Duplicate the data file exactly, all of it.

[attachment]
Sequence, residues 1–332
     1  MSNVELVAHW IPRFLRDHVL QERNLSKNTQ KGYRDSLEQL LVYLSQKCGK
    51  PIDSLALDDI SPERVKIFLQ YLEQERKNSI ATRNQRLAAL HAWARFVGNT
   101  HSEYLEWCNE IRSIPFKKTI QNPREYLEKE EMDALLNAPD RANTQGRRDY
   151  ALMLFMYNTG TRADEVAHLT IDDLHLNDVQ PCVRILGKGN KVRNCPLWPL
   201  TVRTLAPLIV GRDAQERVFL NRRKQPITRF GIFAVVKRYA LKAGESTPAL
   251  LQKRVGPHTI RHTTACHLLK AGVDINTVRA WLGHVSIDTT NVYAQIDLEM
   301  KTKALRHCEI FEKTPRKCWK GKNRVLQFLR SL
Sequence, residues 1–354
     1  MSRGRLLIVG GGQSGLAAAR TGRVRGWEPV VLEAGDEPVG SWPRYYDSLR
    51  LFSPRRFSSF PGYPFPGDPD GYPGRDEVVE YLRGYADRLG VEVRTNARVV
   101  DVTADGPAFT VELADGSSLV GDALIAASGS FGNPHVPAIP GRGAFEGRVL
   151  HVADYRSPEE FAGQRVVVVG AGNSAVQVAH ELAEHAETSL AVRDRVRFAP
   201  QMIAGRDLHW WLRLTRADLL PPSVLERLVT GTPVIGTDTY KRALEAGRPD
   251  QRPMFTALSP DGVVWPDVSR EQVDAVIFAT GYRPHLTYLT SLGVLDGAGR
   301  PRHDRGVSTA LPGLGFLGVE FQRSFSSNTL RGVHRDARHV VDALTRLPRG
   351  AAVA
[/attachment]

Sequence, residues 1–332
     1  MSNVELVAHW IPRFLRDHVL QERNLSKNTQ KGYRDSLEQL LVYLSQKCGK
    51  PIDSLALDDI SPERVKIFLQ YLEQERKNSI ATRNQRLAAL HAWARFVGNT
   101  HSEYLEWCNE IRSIPFKKTI QNPREYLEKE EMDALLNAPD RANTQGRRDY
   151  ALMLFMYNTG TRADEVAHLT IDDLHLNDVQ PCVRILGKGN KVRNCPLWPL
   201  TVRTLAPLIV GRDAQERVFL NRRKQPITRF GIFAVVKRYA LKAGESTPAL
   251  LQKRVGPHTI RHTTACHLLK AGVDINTVRA WLGHVSIDTT NVYAQIDLEM
   301  KTKALRHCEI FEKTPRKCWK GKNRVLQFLR SL
Sequence, residues 1–354
     1  MSRGRLLIVG GGQSGLAAAR TGRVRGWEPV VLEAGDEPVG SWPRYYDSLR
    51  LFSPRRFSSF PGYPFPGDPD GYPGRDEVVE YLRGYADRLG VEVRTNARVV
   101  DVTADGPAFT VELADGSSLV GDALIAASGS FGNPHVPAIP GRGAFEGRVL
   151  HVADYRSPEE FAGQRVVVVG AGNSAVQVAH ELAEHAETSL AVRDRVRFAP
   201  QMIAGRDLHW WLRLTRADLL PPSVLERLVT GTPVIGTDTY KRALEAGRPD
   251  QRPMFTALSP DGVVWPDVSR EQVDAVIFAT GYRPHLTYLT SLGVLDGAGR
   301  PRHDRGVSTA LPGLGFLGVE FQRSFSSNTL RGVHRDARHV VDALTRLPRG
   351  AAVA